The city itself is hilly, though not uniformly so. Like Rome, the city is said to lie on seven hills; the lists vary, but typically include Capitol Hill, First Hill, West Seattle, Beacon Hill, Queen Anne, Magnolia, and the former Denny Hill. The Wallingford, Mount Baker, and Crown Hill neighborhoods are technically located on hills as well. Many of the hilliest areas are near the city center, with Capitol Hill, First Hill, and Beacon Hill collectively constituting something of a ridge along an isthmus between Elliott Bay and Lake Washington. The break in the ridge between First Hill and Beacon Hill is man-made, the result of two of the many regrading projects that reshaped the topography of the city center. The topography of the city center was also changed by the construction of a seawall and the artificial Harbor Island (completed 1909) at the mouth of the city's industrial Duwamish Waterway, the terminus of the Green River. The highest point within city limits is at High Point in West Seattle, which is roughly located near 35th Ave SW and SW Myrtle St. Other notable hills include Crown Hill, View Ridge/Wedgwood/Bryant, Maple Leaf, Phinney Ridge, Mt. Baker Ridge and Highlands/Carkeek/Bitterlake.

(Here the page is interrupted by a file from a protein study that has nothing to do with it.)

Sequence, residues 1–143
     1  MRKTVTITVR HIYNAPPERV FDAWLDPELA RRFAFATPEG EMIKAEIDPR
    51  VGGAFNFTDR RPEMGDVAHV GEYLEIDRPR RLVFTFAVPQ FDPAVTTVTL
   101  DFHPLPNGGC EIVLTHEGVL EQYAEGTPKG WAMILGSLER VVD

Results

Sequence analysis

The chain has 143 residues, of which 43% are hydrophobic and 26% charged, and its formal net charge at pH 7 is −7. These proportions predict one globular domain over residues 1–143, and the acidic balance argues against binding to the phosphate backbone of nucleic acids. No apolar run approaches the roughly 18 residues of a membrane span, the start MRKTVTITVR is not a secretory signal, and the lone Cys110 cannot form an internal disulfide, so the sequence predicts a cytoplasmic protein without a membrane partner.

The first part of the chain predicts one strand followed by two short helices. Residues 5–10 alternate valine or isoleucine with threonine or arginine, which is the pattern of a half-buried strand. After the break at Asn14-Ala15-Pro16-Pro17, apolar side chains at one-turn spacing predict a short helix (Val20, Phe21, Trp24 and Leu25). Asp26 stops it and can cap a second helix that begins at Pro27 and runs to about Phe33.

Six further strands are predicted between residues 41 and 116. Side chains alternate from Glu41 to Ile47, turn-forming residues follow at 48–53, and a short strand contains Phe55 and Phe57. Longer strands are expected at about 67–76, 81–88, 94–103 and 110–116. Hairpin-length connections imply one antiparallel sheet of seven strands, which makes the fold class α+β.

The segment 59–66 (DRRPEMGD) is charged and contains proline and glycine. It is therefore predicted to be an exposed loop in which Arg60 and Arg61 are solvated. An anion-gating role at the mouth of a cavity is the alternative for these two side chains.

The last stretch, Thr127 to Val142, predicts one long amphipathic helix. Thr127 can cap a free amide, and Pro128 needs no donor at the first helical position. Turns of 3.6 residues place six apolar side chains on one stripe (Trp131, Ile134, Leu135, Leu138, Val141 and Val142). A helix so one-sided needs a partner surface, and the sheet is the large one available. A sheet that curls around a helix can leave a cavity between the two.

North of the city center, Lake Washington Ship Canal connects Puget Sound to Lake Washington. It incorporates four natural bodies of water: Lake Union, Salmon Bay, Portage Bay and Union Bay.

Due to its location in the Pacific Ring of Fire, Seattle is in a major earthquake zone. On February 28, 2001, the magnitude 6.8 Nisqually earthquake did significant architectural damage, especially in the Pioneer Square area (built on reclaimed land, as are the Industrial District and part of the city center), but caused no fatalities.